Cancer,  Health,  Mental Health

The Eye of the Storm

During the middle of some of the most intense pain flares I’ve had, I seem to have found the eye of the storm. A place where I can stand and breathe where I can dream of being pain free. It takes some finding, and sometimes I question if I’m really in the middle of it or just so overwhelmed by the pain that my body just gives out. I suppose it could be either.

When it starts I can feel the buzzing in my feet begin to increase and then it starts to creep up my legs, slowly at first, as if teasing me “ooh, you know what’s coming but when? How badly?”. By the time it reaches my pelvis my whole lower half feels like it’s on fire. Then we wonder will it spread further? Will this become a full body flare or a will it stay in my lower half.

Once it hits my hands I know I’m done for and that’s when it happens, sometimes, I seem to find it. It’s pretty elusive but when I do find it, it’s peaceful. I often can’t stay in the eye of it for too long, but it helps.

By now Tom has been forced to call for a doctor. I have been defeated again. When they come they give me an injection of Midazolam (a high end highly addictive benzo) and slowly the most wonderful feeling of floating begins to take over and though I’m aware the pain is still going on beneath me I no longer care. It doesn’t take long before I’m blissfully asleep. Rest. At last.

This is the result of 7 rounds of chemotherapy followed by 25 sessions of radiotherapy. Post Chemotherapy and Radiotherapy Neuralgia. It has no predictable pattern and could come on at any time – especially if I’m under great amounts of stress. I am the third patient that my pain consultant has seen in two years with this problem. He said I am on the more severe end.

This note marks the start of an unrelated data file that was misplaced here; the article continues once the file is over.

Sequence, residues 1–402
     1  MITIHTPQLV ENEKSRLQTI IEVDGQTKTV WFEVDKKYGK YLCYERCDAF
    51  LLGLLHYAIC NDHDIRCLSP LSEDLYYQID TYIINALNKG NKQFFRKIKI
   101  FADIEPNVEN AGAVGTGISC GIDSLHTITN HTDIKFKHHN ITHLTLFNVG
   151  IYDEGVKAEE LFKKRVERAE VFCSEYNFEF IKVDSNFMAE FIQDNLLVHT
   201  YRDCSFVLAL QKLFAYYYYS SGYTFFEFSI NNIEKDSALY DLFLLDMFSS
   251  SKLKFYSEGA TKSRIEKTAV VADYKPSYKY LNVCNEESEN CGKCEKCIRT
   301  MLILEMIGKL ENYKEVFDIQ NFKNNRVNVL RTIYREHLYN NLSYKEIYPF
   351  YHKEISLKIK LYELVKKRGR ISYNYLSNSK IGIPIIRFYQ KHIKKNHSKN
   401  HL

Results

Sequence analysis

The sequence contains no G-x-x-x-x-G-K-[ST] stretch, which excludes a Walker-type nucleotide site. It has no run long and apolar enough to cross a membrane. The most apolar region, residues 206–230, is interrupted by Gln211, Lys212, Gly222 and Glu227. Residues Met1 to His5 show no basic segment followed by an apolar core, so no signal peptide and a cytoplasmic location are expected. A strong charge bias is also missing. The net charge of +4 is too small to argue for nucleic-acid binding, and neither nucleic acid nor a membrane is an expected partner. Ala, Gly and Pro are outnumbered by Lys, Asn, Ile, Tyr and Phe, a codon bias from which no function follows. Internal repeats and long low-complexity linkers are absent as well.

With all the research going into find a cure for cancer, we aren’t looking into what our treatments do to people’s bodies, reducing the side effects. In cases like mine, thought to be palliative, we aren’t worrying about what will happen the other side because it’s assumed that patients like me won’t live long enough for it to really matter. But with more of us surviving every day, it’s something that seems to be growing in importance.

Of course we want a cure all, a catch all. But right now, we don’t have it and finding ways to help treat the aftermath of chemo, or reducing the side effects doesn’t seem like such a crazy shout.

You see I battled through the treatment, I battled through the diagnosis and I somehow beat the odds and got a second chance to grab life for all it’s worth and to soak every possible moment of joy out of it possible, but I can’t. I’m stuck inside waiting for the next flare, the next call out.

I miss playing with my kids, properly playing down on the floor building ridiculous train track sets and playing with play doh, being the chef in a make believe cafe that can make whatever the customer orders with only a few ingredients. I hate that when my kids get close to me, to my legs I have to often ask them to get down, or stop leaning on me when oftentimes all they really want is a cuddle. I miss being a normal wife and not a constant source of worry to my husband. I miss being able to jump in the car and go out on my own, to walk around a shop and see everything, not just what’s at wheelchair height.

It’s the little things that matter the most, but the things we all take for granted the most. Being given a second chance and not being able to live the life I want is, as it turns out, just as terrifying and scary as being told you are going to lose your life way earlier than you ever imagined.

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